The study was developed in three private ILPIs in the city of Florianópolis, Santa Catarina, including 14 older adults and 35 family members as participants. Located in the southern region of the island of Florianópolis, ILPI-A was founded more than 35 years ago, is linked to the Catholic Church, has ample space and apartments to house 46 older adults. During the data collection period, 36 older adults, predominantly women (33 women and three men), lived in the institution, with ages varying from 67 to 100 years old. ILPI-B is located in a neighborhood near the central region of the island, was founded in the 1980s, and is linked to the Methodist Church. During the data collection period, 28 older adults lived in the institution, 22 women and six men, with ages varying from 63 to 102 years old. ILPI-C started its activities in the 1990s in a family house that was enlarged and structured to provide housing and health care services. During data collection, there were 32 older adults living in the institution, 27 women and five men, with ages varying from 69 to 96 years old.

Selection criteria

This research included those residents who had been institutionalized for at least three months and with preserved mental cognition, as assessed by the Mini Mental State Examination (MMSE). The criteria adopted for the inclusion of the family members were the following: being over 18 years old, paying regular visits to the institutionalized older adult at least four times a month and/or accompanying him/her in activities outside the ILPI, such as medical consultations and leisure activities. The study excluded older adults who did not reach appropriate MMSE scores, those who reported lack of family bonds, and those unwilling to participate in the research.

Data collection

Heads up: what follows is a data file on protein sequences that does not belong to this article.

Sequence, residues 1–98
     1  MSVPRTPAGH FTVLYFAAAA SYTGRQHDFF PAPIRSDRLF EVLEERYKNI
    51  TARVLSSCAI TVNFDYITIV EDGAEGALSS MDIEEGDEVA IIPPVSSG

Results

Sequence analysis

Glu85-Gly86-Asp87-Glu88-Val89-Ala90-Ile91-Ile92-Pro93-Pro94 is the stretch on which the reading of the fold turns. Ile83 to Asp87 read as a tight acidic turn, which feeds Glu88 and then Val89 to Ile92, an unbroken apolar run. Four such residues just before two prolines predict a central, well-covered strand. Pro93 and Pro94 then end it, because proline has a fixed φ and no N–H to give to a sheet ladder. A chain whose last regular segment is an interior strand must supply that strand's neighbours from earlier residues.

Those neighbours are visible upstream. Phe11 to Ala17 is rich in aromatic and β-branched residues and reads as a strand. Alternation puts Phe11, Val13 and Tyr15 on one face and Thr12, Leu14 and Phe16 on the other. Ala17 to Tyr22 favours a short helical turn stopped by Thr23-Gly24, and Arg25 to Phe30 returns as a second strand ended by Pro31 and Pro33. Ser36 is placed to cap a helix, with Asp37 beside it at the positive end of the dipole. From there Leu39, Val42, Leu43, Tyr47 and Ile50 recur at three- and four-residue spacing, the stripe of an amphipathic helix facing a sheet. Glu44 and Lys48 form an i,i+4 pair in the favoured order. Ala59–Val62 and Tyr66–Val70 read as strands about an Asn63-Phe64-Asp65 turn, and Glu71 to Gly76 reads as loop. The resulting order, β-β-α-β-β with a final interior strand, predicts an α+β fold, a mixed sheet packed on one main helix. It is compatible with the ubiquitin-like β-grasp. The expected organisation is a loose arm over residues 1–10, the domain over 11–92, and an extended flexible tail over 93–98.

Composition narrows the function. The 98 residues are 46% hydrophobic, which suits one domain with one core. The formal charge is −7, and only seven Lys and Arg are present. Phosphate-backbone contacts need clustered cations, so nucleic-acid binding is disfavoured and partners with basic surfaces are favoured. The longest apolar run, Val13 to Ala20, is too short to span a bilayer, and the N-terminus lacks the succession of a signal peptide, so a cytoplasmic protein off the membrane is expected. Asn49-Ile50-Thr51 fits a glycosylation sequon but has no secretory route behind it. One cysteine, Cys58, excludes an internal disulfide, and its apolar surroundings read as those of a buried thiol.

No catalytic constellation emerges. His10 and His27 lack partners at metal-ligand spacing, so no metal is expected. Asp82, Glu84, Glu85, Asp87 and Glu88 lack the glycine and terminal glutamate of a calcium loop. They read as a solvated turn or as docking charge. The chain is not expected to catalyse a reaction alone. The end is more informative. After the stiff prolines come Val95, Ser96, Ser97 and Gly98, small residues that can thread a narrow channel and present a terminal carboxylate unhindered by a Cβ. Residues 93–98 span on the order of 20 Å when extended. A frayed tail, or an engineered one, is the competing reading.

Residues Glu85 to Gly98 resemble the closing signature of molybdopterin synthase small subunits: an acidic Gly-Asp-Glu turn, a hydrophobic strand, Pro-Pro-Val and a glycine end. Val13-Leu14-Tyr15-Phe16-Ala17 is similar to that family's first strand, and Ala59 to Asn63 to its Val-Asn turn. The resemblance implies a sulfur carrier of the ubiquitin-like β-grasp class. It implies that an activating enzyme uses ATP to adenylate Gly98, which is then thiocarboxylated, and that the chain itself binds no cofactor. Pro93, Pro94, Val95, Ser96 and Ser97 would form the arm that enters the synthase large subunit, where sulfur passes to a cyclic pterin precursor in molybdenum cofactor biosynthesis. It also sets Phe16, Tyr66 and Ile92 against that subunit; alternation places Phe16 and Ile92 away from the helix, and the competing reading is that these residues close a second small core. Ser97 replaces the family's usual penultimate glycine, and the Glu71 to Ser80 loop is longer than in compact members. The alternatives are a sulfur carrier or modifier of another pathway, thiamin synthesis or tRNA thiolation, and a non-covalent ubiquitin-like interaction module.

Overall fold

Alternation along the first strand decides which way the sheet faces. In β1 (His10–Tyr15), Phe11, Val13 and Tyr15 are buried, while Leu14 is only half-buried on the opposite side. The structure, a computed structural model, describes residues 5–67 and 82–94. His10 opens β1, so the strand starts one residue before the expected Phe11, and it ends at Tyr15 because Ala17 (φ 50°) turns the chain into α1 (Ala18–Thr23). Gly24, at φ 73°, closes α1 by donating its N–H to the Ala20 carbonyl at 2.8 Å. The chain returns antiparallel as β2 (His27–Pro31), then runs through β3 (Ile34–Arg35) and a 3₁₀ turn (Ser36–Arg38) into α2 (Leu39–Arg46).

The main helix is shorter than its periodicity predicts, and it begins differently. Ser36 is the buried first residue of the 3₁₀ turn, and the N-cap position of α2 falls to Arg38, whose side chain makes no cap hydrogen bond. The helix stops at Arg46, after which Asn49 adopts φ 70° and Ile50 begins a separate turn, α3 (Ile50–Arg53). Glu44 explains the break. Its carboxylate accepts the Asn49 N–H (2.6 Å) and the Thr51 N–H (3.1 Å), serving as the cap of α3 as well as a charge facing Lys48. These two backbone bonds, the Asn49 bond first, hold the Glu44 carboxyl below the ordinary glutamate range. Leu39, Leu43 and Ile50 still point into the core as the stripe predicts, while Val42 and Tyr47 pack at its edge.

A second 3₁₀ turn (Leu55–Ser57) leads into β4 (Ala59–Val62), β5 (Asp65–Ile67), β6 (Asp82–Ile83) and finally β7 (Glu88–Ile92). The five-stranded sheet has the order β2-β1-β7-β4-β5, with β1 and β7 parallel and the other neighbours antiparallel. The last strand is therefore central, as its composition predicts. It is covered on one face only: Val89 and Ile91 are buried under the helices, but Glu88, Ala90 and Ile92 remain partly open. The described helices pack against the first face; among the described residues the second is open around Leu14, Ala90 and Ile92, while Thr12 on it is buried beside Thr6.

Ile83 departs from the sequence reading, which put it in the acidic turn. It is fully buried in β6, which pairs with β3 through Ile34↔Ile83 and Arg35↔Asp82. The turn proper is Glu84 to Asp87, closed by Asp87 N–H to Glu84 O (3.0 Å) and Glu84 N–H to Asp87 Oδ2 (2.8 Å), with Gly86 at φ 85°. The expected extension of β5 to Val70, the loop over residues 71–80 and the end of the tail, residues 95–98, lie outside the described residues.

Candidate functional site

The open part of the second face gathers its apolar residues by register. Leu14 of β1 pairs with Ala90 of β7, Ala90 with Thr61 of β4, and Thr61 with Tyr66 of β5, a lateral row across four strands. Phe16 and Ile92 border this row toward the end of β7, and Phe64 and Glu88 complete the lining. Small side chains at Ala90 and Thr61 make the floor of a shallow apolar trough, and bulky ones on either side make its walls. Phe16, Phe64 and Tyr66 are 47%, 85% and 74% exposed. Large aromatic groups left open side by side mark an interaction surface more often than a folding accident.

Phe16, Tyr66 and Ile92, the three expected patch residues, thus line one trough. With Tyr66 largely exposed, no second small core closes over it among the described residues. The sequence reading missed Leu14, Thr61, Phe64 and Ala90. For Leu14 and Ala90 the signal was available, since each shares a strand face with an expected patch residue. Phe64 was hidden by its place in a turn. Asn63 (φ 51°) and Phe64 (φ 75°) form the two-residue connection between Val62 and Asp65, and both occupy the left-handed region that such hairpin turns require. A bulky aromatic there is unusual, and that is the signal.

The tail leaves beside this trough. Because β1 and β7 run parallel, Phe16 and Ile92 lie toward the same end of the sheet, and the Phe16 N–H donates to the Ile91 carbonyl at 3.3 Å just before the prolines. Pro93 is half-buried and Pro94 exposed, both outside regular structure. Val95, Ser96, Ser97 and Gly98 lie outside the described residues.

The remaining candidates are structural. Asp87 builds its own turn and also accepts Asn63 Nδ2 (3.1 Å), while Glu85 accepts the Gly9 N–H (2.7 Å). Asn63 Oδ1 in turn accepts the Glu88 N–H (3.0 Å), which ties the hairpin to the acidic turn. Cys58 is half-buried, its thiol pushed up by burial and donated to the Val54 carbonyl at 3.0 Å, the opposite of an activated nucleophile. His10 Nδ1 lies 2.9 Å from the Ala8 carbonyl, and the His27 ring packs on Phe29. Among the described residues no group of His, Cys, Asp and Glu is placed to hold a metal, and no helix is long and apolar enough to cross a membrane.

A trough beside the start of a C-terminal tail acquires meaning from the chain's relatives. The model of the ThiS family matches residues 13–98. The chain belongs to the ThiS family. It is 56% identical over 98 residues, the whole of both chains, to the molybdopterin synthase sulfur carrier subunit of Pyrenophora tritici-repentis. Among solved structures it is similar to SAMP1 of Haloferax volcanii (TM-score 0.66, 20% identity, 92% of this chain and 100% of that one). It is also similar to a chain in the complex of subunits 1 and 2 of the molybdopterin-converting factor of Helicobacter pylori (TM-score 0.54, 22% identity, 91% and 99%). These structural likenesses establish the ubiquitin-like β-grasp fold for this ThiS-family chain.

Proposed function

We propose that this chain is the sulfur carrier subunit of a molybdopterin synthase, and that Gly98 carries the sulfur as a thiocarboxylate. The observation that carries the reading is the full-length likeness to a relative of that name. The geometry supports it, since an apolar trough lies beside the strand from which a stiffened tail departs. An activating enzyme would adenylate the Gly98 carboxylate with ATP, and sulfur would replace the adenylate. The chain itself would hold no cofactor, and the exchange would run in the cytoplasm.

The data collection period extended from May 2017 to January 2018, in one institution at the time, and respecting all the stages proposed for the research: observation, data collection in medical records, and semi-structured individual interviews. The objective of the observation was for the researcher to get to know and become familiar with the institutions. In the records from the medical charts, diverse information was searched to obtain sociodemographic data of the aged population, their medical history, and daily use medications. The semi-structured interviews were conducted individually with the study participants by means of specific instruments for older adults and family members, contemplating guiding questions in relation to the institutionalization process and the reasons that led to institutionalization. The data were collected in three institutions, totaling 96 older adults living in these ILPIs during the data collection period. The mean age of the older adults was 87.5 years old, 70 of them were women and 26 were men, and there was clear predominance of diagnoses of SAH, DM, dementia, heart disease, and stroke sequelae. This population was characterized by high cognitive decline, especially due to advanced dementia, preventing them to participate in the research. Of the 96 older adults living in the three institutions, all assessed according to the MMSE, only 14 were included as research participants, 12 being women and two being men, with ages ranging from 77 to 93 years old. The main reason for non-inclusion was cognitive decline, present in 67 older adults. The institutionalization time of the 14 older adults who were the study subjects varied between one and 33 years. Mental cognition was assessed using the MMSE, with scores ranging from 25 points (minimum) to 30 points (maximum), with the cutoff value established by Brucki. Regarding the family members, 30 were women and five were men, aged between 49 and 73 years old. The predominant degree of kinship was son/daughter (26), followed by niece (3), daughter-in-law (3), grandson/granddaughter (2), and wife (1). The individual interviews with older adults and family members were conducted in spaces of the ILPIs, using instruments with guiding questions specific for older adults and family members and lasting between 40 min and 1h 30 min. These interviews were recorded on a cell phone and later transcribed in full by the researcher.